“Your hearing loss was a trauma. In fact, it is a recurring trauma – one that you experience each day.”
Huh? I thought.
I was sitting on my friend’s couch and shifted my gaze to the plain taupe walls and then to the trees outside the window.
No. People who are raped experience trauma. People who are returning from war zones experience trauma. After all, I had just given a TED talk that was viewed by over one million people, where I said that I believed my hearing loss was one of the greatest gifts that I had received. It had given me a career direction, both as a former lawyer and now as an inclusive, human centered designer. It had given me a cause to passionately advocate for. I could not look at it as a trauma. What would that mean?
But as the hours passed, the thought began to sink in. Trauma. The feeling of frustration that I encounter every day that I so skillfully tuck away in the back of my mind and in the bottom of my gut began surfacing again. And then, somehow, my voice got knocked out from me. I knew at the time that I should be posting to Twitter and Facebook; growing my brand from the TED talk. But each time that I sat down to write, I felt as if I could never dig deep enough into an issue; that I was just scratching the surface. Something was holding me back. Eventually I realized that it was because I was not allowing myself to dig deep enough into ME. I realized that I had never processed my hearing loss as a kid. And that I could not avoid it any longer if I wanted to succeed in my work.
When I lost my hearing at ten, I was too young to really know what this would mean for my life, for school, my work, and friendships. But I still had an instinct to desperately try to hang on to my so called ‘normalcy’ from before. I became skillful at hiding my hearing loss. I learned how to anticipate what people said. In school, I sat through class clueless while pretending I could follow along.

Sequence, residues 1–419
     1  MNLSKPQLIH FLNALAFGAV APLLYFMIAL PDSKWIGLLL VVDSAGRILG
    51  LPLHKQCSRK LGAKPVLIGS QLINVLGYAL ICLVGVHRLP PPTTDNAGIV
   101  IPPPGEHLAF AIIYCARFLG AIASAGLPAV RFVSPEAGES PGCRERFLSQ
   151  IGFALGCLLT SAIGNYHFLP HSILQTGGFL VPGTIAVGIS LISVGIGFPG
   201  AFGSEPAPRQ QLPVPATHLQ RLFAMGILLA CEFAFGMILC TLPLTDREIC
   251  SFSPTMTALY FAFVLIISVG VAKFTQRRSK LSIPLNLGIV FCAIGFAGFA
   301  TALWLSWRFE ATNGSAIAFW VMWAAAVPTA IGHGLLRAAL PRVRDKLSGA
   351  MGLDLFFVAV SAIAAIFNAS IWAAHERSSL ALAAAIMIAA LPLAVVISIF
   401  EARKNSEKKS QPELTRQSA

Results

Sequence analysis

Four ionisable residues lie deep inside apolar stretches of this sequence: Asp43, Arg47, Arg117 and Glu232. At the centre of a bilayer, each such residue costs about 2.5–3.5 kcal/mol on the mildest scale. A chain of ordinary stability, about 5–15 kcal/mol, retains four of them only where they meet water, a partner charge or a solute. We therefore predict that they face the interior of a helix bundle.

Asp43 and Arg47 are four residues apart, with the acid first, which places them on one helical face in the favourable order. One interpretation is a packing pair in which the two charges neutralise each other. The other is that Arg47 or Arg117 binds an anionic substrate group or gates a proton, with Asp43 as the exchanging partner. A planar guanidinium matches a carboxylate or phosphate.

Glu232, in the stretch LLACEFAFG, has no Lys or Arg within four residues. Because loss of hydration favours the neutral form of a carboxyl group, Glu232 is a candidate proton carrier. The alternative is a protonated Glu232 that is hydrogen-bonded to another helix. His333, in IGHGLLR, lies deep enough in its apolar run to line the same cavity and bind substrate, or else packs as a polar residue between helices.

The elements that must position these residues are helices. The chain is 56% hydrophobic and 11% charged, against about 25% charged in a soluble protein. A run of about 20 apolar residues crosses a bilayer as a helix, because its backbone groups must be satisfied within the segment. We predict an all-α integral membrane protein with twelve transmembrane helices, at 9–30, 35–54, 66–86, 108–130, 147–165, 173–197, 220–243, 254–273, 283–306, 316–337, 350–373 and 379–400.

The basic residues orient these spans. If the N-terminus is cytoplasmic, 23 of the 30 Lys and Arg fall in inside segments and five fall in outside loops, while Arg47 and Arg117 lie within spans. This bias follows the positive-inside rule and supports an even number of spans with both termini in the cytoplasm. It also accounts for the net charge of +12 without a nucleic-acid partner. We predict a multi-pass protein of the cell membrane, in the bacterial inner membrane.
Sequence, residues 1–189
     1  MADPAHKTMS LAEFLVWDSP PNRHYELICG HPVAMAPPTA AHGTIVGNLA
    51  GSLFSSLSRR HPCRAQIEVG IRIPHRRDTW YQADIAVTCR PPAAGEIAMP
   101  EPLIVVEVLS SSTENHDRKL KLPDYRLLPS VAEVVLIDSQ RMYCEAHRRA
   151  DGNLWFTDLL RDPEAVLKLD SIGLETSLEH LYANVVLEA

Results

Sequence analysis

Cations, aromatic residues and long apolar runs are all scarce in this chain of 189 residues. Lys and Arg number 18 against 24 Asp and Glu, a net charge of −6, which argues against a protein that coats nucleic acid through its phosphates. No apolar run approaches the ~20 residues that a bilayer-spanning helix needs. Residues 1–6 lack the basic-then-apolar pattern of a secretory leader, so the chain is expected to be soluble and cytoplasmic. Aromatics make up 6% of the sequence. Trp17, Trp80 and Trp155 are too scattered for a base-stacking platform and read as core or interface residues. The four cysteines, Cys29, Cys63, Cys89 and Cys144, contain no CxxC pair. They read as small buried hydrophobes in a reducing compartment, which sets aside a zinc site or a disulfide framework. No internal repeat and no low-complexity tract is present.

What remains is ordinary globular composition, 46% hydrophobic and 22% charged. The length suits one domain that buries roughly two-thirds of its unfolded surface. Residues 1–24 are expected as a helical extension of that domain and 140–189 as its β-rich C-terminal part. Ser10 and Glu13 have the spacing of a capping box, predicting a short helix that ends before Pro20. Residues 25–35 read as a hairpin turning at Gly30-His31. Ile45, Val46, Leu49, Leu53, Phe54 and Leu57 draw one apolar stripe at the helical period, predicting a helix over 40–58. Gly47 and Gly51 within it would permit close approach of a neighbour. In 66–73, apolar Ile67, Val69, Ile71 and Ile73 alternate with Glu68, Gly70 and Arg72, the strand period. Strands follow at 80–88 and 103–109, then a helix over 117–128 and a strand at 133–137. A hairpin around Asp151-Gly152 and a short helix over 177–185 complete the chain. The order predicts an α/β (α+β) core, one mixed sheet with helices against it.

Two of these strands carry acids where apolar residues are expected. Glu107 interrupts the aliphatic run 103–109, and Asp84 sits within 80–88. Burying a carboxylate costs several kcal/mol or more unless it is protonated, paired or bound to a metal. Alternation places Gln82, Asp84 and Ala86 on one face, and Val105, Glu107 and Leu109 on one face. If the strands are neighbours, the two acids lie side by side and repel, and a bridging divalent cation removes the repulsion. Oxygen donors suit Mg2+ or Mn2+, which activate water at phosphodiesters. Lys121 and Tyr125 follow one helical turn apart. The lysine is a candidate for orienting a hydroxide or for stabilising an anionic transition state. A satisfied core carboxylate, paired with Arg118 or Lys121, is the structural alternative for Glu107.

I also became an overachiever. Like many people with disabilities, I felt I had to not just be ‘normal’ but above and beyond normal. This is because we are constantly trying to prove that our disability does not limit us; that it does not change us or make us different. But the truth is, it does affect us and it does make our lives different.
Everyone has their own story. But for me, because I was a later-deafened kid in the 80s when there was no email or text messaging, it meant a lot of loneliness, missed connections, misperceptions, and anxiety in social situations. During the year after I lost my hearing, I lost my best friend. Before, we had been inseparable. In school, I scored a 28% on my first sociology test since losing my hearing. My normally dominant, extroverted personality changed into a shy shell of my former self. Right when everyone was going through the process of trying to fit in, I got hit with something that put a red flag above my head saying that I was different. I craved to connect with people but I also became increasingly anxious when those connections happened because often they failed due to misunderstandings, leaving me embarrassed. At the time, I felt as if it was me who was failing. But it was not me. It was the hearing-loss, masked me.
As I slowly got my voice back, what I have come to accept and realize is that there are both positive and negative aspects to my hearing loss. The negative is that we live in a world mostly designed around hearing people. Communication in almost every environment is a constant struggle for me. And to be quite honest, it stinks. But it is the design of the environment that disables me, not me. If I had lived on Martha’s Vineyard in the 1800s, I may have had the notion that I do not even have a disability. You see, everyone there knew sign language, deaf or not. Communication would have been effortless for me.
The positive is that companies such as Microsoft and other high-tech corporations are beginning to realize that difference equals value. Difference is a hidden capital that they are sitting on. This is because the unique way that people with disabilities experience the world helps them identify hidden needs. Take email. Did you know this was originally created to help the deaf communicate? Who would have thought people would rather type their conversations than just say them out loud on the telephone?
My deafness has also created skills that help me excel as a design thinker. I have exceptional observation skills because for the past 25 years, I have had to read body language daily allowing me to notice things that others never would. My constant need to adapt to any circumstance has made me excel at finding unique solutions to design problems.
My ultimate hope is that more companies will soon catch on to this untapped capital that people with disabilities bring, that they will see how people with disabilities can help them stay ahead of the innovation curve. Of course, it would also be nice to one day experience effortless communication with the hearing world. And, who knows, perhaps with speech recognition technology, the term ‘hearing world’ will even become a term of the past.